| What I Reaped |

Rising Spirals

On Succos, we gather our crops, reflect on our harvest. In life, we gather our experiences, appreciate what we’ve gained


"Don’t go off the deep end,” warned my feminist aunt, when she heard I was planning to spend a summer at Neve Yerushalayim. It was the mid-1980s, and reports were already trickling in of young people who’d gotten nabbed in Jerusalem and brainwashed by that cult called Torah Judaism.

What my aunt aspired for me was some version of her own life: academic, cosmopolitan, perhaps two well-spaced children. Instead, she now envisioned me reversing 100 years of feminist “progress,” living barefoot and pregnant in some hovel in Meah Shearim.

My family’s fears were somewhat assuaged when I married a professional, not a kollel guy. They could accept our desire to keep a kosher kitchen — hey, a little tradition is nice — and even our Shabbos observance, although my father a”h fretted it would jeopardize my husband’s career advancement.

But other things stuck in everyone’s craw. On the superficial side: Did I really have to always go around with a shmatteh on my head? Did our little boys absolutely need to wear those chassidic-looking peyos and my husband his tzitzit?

On the serious side: Was it really necessary to pay a fortune in yeshivah tuitions? If the boys studied Torah all day, how would they ever support families one day? Why did we keep having kids one after the other when it was so challenging?


It was challenging. Both my husband and I had to adapt to an entirely new world. I wasn’t prepared for having one kid after another and didn’t have family nearby for support. To our non-frum family, our house seemed like nonstop noise and chaos, somebody always spilling something and a baby needing a feeding or diaper. I huffed and puffed through the Sisyphean cycle of meals and laundry and bedtimes and squabbles…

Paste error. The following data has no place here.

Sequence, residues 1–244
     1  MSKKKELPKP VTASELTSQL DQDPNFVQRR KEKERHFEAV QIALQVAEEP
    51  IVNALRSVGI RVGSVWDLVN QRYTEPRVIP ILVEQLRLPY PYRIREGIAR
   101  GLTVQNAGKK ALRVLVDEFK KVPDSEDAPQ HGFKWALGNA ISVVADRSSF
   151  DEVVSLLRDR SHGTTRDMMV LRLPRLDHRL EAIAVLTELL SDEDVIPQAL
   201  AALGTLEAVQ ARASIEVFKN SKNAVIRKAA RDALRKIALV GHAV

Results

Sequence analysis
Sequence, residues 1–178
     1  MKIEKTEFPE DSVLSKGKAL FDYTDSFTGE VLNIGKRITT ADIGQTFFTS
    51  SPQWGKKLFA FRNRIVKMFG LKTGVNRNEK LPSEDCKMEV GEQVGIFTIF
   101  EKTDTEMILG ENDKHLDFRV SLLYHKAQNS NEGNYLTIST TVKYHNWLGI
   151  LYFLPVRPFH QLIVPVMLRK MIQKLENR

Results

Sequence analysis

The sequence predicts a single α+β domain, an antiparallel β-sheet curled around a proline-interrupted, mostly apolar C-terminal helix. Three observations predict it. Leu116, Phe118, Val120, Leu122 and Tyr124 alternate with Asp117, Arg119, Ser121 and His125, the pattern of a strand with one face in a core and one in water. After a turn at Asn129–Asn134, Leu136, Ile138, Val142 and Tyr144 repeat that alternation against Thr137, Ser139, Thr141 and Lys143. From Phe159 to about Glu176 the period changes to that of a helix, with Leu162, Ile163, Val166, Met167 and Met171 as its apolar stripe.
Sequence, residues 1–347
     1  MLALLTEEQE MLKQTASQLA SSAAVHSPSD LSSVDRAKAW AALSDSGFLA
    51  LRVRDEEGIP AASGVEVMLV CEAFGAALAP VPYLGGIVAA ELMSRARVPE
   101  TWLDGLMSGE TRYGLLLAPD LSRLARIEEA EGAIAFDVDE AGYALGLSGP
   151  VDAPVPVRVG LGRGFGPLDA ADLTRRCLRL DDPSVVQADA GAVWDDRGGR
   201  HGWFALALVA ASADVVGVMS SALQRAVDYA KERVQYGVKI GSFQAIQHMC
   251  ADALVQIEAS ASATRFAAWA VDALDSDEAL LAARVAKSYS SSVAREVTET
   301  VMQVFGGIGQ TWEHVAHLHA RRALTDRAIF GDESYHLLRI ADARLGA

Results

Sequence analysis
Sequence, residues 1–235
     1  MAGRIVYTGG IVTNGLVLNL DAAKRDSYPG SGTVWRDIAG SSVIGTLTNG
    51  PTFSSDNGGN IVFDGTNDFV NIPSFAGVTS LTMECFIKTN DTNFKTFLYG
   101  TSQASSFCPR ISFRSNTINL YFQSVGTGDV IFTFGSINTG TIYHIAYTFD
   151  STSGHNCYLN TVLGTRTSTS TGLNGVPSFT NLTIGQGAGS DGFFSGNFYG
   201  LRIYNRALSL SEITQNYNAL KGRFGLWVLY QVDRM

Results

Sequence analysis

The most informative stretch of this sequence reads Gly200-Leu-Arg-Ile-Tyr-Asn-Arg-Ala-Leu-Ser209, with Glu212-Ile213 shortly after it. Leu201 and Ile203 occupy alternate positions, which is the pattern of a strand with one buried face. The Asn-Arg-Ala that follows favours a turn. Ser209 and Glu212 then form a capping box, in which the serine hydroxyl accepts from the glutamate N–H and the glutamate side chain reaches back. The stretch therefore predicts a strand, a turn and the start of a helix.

…until one fine day, I woke up and realized those futile-seeming cycles hadn’t been cycles at all! They were spirals, spirals that raised my babies little by little from childhood into adulthood. Those years of care and feeding resulted in people: nice, wholesome, mature, Jewishly impassioned young adults.

We’d raised kids who, unlike me, had never missed a Shabbos or had to stop and think what the difference is between Tu B’Shevat and Tishah B’Av. They didn’t go to clubs or get tattoos; instead, they married and started families. My husband and I enjoyed the nachas of becoming grandparents, and my parents were thrilled to be crowned with great-grandparenthood.

We planted the seeds of Jewish generations, and today my mother reaps the nachas. Having grown up on a street full of cousins, which she describes as “the most secure, happy way to grow up,” she’s gratified to see my grandchildren mostly growing up within a few blocks of each other. She sees how our family and community rally together in times of both tragedy and simchah.

Sadly, few of her friends share her good fortune. My family saga reflects in microcosm what has happened everywhere: Either Jews grasp tightly onto Torah and stay Jewish, or they disappear into the morass of secular culture. That aunt who told me not to go off the deep end — unfortunately, her three children all married non-Jews. Her only daughter has two Jewish sons, but one is seriously dating a non-Jew and they live in a Torah midbar. I fear that branch of the family tree will fall off completely.

My aunt thought I was crazy to become frum. Like many “crazy” people who took an inspiration and ran with it — think Columbus, Edison, Einstein — I had to wait a few years to see the fruits of my labors. But my struggles were rewarded with a wonderful family, warm community, and rich spiritual life.


(Originally featured in Family First, Issue 712)

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